Smith v. Brendonwood Common, Inc. , 949 N.E.2d 422 ( 2011 )


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  • 949 N.E.2d 422 (2011)

    Brian SMITH, Appellant-Plaintiff,
    v.
    BRENDONWOOD COMMON, INC., Appellee-Defendant.

    No. 49A02-1006-PL-785.

    Court of Appeals of Indiana.

    June 9, 2011.

    *423 Jason R. Delk, Daniel J. Gibson, Delk McNally, Muncie, IN, Attorneys for Appellant.

    David B. Honig, Hall, Render, Killian, Heath & Lyman, P.C., Indianapolis, IN, Attorney for Appellee.

    OPINION

    MAY, Judge.

    Brian Smith appeals summary judgment for Brendonwood Common, Inc. He presents multiple issues, but we find dispositive that Smith had no standing to bring his claim. We affirm.

    FACTS AND PROCEDURAL HISTORY

    Brendonwood is a neighborhood established in 1917 pursuant to a warranty deed and incorporated as a non-for-profit entity. Pursuant to its articles of incorporation, its members include the owners of the 110 plots located within the confines of the land deeded in 1917. Smith is one of those owners. Pursuant to Brendonwood's By-Laws, the Board must obtain written permission of at least 100 plot owners before commencing any improvements to the common areas of Brendonwood.

    In 2006, Brendonwood's Board of Directors circulated a ballot regarding two proposals: one for installation of automatic gates at all three entrances, and one for installation of automatic gates at two entrances and a gate with a 24-hour guard at one entrance. The ballot asked each owner to vote: yes or no for the "automated gates" proposal, yes or no for the "manned gates" proposal, or if the owner voted yes for both proposals, the owner was to indicate which the owner preferred. (App. at 116.) In August 2007, the Board determined it had received the written approval for the construction of gates from 101 plot owners,[1] and soon thereafter started construction of the gates.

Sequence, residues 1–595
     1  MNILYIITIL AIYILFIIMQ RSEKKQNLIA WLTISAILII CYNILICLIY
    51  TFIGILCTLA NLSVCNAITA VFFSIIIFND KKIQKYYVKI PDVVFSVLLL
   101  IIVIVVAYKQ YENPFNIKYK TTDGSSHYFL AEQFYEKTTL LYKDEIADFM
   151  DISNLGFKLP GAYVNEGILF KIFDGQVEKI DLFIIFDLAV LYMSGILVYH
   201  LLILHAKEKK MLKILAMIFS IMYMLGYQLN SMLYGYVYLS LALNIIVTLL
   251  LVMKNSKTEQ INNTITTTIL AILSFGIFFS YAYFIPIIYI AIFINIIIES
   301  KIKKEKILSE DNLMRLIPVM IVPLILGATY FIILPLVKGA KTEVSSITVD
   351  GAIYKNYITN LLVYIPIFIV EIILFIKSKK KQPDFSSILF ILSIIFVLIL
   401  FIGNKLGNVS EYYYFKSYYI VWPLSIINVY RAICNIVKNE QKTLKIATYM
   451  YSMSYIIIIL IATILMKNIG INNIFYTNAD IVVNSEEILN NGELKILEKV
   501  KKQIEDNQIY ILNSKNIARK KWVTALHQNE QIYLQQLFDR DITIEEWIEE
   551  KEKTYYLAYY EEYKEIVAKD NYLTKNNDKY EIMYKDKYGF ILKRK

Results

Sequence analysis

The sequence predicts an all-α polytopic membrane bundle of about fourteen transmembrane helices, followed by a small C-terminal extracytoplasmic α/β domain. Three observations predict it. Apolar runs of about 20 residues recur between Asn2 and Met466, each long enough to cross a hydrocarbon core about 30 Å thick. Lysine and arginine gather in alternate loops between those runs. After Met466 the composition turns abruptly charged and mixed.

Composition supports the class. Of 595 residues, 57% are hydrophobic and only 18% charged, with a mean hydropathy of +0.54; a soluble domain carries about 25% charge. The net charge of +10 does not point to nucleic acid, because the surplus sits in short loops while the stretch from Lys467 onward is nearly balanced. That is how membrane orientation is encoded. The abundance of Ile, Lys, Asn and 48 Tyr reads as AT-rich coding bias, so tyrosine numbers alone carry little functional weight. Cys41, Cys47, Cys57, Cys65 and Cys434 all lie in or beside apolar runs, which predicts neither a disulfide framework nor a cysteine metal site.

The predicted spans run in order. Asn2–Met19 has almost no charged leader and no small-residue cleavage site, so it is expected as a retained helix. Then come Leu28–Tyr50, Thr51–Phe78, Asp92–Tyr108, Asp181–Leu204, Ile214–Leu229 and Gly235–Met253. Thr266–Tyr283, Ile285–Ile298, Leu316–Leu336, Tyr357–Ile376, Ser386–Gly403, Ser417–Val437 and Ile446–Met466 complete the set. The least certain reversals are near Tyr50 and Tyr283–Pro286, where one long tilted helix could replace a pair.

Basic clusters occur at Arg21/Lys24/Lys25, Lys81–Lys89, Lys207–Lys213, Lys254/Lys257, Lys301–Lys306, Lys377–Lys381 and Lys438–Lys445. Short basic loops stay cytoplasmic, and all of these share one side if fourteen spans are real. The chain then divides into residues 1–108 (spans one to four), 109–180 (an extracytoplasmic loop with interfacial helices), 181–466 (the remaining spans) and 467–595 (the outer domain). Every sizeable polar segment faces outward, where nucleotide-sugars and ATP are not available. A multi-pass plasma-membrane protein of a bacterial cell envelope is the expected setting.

On April 8, 2009, Smith filed a complaint for injunctive relief and declaratory judgment, claiming Brendonwood violated its ByLaws. Brendonwood filed a motion for summary judgment on February 5, 2010. After a hearing, the trial court granted Brendonwood's motion.

    DISCUSSION AND DECISION

    Brendonwood argues Smith did not have standing to pursue his claim, and thus *424 summary judgment was proper. We review summary judgment under the following standard:

    A party is entitled to summary judgment upon demonstrating the absence of any genuine issue of fact as to a determinative issue unless the non-moving party comes forward with contrary evidence showing an issue of fact for trial. An appellate court reviewing a trial court summary judgment ruling likewise construes all facts and reasonable inferences in favor of the non-moving party and determines whether the moving party has shown from the designated evidentiary matter that there is no genuine issue as to any material fact and that it is entitled to judgment as a matter of law. But a de novo standard of review applies where the dispute is one of law rather than fact.

    Dugan v. Mittal Steel USA, Inc., 929 N.E.2d 184, 185-86 (Ind.2010).